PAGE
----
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[Abstract] Empowering Healthcare Professionals to Proactively Address Cancer-Related Financial Toxicity

November 11, 2018

Presented by:
Hira Chowdhary, MPH MS; Lorna Lucas; Pam Rattananont Ferris, MPH; Lorna Lucas, MSM
Association of Community Cancer Centers (ACCC) – Rockville, Maryland

Abstract:

Over the past decade there have been tremendous clinical advances in the diagnosis and treatment of cancer. With early detection, new and emerging therapeutic regimens, and an array of treatment modalities, the number of cancer survivors in the U.S. continues to grow. However, care costs have also increased. The 2017 Oncology Roundtable and ACCC Trending Now in Cancer Care survey of oncology program administrators and providers (n=293) highlights key trends that necessitate tools to support financial assistance services to ensure equitable access to quality care; more than half indicated recent investments in financial support programs, and the demand on financial advocates is increasing. The Financial Advocacy Boot Camp, launched by ACCC in 2017, is a learning module dedicated to preparing patients and providers to address the growing issue of financial toxicity. The program has graduated more than 500 healthcare professionals from 323 cancer care programs and practices in 47 states. ACCC conducted a nationwide census of cancer programs and their financial services. With more than 300 responses, we gathered information on the education levels, experience, and job titles of those working with patients to address financial toxicity. While experience in oncology varies, majority of respondents have less than 10 years experience in providing financial navigation services. Insights point towards a need for improved educational tools to empower providers to integrate financial health into the oncology care continuum, and help patients gain access to high quality care. Evaluation of learner's experience and educational attainment is ongoing, with the current number of enrollees close to 1,500.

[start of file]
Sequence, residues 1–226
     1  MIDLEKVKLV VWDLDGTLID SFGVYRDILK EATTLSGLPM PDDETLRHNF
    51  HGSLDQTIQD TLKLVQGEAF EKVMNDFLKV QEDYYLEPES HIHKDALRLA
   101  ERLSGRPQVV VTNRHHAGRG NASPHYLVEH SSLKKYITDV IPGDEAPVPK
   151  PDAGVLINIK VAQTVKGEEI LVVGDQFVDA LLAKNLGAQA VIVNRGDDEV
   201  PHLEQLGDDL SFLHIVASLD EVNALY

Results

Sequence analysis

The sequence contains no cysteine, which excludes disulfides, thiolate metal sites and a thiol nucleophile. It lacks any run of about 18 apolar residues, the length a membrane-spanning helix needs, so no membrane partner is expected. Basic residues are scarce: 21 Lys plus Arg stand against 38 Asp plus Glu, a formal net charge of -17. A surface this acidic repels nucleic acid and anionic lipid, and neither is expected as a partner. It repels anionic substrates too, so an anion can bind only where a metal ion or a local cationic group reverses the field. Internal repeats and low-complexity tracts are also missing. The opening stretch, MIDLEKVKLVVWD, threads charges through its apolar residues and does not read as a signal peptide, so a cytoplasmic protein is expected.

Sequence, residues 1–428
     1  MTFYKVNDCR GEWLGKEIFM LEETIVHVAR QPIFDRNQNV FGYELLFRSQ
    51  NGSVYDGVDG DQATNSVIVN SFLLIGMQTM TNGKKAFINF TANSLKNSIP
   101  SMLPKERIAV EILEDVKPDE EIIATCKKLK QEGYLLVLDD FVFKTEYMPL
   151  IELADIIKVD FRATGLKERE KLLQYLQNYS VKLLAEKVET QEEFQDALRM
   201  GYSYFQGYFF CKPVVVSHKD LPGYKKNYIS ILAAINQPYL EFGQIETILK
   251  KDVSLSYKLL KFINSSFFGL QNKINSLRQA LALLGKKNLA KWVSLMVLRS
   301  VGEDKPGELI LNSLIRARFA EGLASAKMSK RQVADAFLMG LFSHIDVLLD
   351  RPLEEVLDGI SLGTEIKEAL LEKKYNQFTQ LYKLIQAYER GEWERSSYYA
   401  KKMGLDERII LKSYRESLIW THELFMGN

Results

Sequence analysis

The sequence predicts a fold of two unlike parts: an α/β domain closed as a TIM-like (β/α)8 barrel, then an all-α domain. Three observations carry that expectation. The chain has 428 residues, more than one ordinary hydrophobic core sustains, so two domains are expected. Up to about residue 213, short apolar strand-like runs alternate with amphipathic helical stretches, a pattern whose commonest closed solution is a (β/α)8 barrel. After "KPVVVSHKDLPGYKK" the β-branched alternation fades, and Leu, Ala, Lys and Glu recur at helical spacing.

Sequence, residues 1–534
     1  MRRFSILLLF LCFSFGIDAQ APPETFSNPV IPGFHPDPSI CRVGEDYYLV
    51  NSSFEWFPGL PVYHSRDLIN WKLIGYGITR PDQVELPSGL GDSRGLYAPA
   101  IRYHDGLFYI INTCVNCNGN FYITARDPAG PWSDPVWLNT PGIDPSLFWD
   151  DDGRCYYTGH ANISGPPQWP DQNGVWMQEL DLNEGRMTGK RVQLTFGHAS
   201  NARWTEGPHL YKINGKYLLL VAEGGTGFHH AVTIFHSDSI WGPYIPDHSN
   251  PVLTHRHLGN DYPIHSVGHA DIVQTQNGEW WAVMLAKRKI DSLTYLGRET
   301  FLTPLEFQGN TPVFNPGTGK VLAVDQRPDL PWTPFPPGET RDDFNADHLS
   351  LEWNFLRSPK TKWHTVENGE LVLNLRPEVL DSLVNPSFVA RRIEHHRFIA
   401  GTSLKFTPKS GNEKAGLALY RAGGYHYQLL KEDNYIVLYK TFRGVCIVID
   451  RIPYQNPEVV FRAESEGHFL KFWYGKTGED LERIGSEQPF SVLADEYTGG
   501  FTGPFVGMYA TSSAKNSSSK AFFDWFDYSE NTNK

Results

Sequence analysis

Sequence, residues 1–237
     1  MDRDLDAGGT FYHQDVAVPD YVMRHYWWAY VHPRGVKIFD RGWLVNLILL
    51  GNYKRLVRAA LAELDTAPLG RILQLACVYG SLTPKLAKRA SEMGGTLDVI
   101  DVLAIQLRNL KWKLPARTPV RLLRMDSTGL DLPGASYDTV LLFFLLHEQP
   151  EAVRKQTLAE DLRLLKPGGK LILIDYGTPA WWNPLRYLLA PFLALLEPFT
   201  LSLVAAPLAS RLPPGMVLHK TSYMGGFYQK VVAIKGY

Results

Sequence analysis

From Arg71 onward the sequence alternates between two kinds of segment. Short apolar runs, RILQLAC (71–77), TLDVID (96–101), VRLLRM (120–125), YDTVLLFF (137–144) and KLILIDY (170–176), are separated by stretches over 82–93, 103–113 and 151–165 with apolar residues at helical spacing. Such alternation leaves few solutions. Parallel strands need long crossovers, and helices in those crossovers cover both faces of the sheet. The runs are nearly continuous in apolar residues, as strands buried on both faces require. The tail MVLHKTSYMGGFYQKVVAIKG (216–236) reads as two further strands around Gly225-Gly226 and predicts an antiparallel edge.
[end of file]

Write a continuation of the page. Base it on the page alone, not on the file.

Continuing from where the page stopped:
Learning outcomes:

  • Define cancer-related financial toxicity.
  • Describe the impact of a web-based educational intervention on the financial well-being, quality of life, and survivorship of patients receiving cancer care in the United States.
  • Define the current need for accessible financial advocacy training for health care professionals and the multidisciplinary cancer care team.
  • List reasons to address the growing burden of cancer-related financial toxicity through educational interventions and peer-to-peer learning.
  • Assess opportunities for improving financial health literacy to mitigate financial distress among patients, families and caregivers.
  • Describe the role of an oncology financial advocate.

Target Audiences:

All members of the multidisciplinary cancer care team, across the continuum; i.e Public Health Advocates, Social Workers, Nurses, Patient Navigators, Lay Navigators, Community Health Workers, Financial Counselors, Health Care Providers, Multidisciplinary Cancer Care Team, Cancer Program Administrators and Providers, Quality Improvement Staff/Managers


 

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